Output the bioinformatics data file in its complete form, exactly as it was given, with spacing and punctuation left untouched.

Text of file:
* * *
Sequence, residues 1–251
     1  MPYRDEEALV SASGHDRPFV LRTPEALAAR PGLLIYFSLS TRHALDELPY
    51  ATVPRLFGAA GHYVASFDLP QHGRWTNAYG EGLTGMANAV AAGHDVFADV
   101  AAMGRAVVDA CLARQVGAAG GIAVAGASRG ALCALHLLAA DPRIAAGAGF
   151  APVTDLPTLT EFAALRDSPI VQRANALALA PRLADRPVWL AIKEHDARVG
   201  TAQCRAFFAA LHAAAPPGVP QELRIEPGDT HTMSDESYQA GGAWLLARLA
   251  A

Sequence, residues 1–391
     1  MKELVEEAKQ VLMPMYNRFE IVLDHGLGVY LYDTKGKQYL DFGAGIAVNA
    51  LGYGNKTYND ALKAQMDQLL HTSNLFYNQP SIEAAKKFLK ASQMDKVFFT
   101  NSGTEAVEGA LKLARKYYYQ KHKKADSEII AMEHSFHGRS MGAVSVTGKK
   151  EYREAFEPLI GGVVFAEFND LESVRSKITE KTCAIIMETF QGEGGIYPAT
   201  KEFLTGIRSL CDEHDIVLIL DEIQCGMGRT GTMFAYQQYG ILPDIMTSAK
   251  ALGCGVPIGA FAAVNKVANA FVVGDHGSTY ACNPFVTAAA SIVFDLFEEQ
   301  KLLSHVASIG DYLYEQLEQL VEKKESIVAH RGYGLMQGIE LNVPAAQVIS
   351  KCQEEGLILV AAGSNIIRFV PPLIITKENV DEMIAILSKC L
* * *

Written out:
Sequence, residues 1–251
     1  MPYRDEEALV SASGHDRPFV LRTPEALAAR PGLLIYFSLS TRHALDELPY
    51  ATVPRLFGAA GHYVASFDLP QHGRWTNAYG EGLTGMANAV AAGHDVFADV
   101  AAMGRAVVDA CLARQVGAAG GIAVAGASRG ALCALHLLAA DPRIAAGAGF
   151  APVTDLPTLT EFAALRDSPI VQRANALALA PRLADRPVWL AIKEHDARVG
   201  TAQCRAFFAA LHAAAPPGVP QELRIEPGDT HTMSDESYQA GGAWLLARLA
   251  A

Sequence, residues 1–391
     1  MKELVEEAKQ VLMPMYNRFE IVLDHGLGVY LYDTKGKQYL DFGAGIAVNA
    51  LGYGNKTYND ALKAQMDQLL HTSNLFYNQP SIEAAKKFLK ASQMDKVFFT
   101  NSGTEAVEGA LKLARKYYYQ KHKKADSEII AMEHSFHGRS MGAVSVTGKK
   151  EYREAFEPLI GGVVFAEFND LESVRSKITE KTCAIIMETF QGEGGIYPAT
   201  KEFLTGIRSL CDEHDIVLIL DEIQCGMGRT GTMFAYQQYG ILPDIMTSAK
   251  ALGCGVPIGA FAAVNKVANA FVVGDHGSTY ACNPFVTAAA SIVFDLFEEQ
   301  KLLSHVASIG DYLYEQLEQL VEKKESIVAH RGYGLMQGIE LNVPAAQVIS
   351  KCQEEGLILV AAGSNIIRFV PPLIITKENV DEMIAILSKC L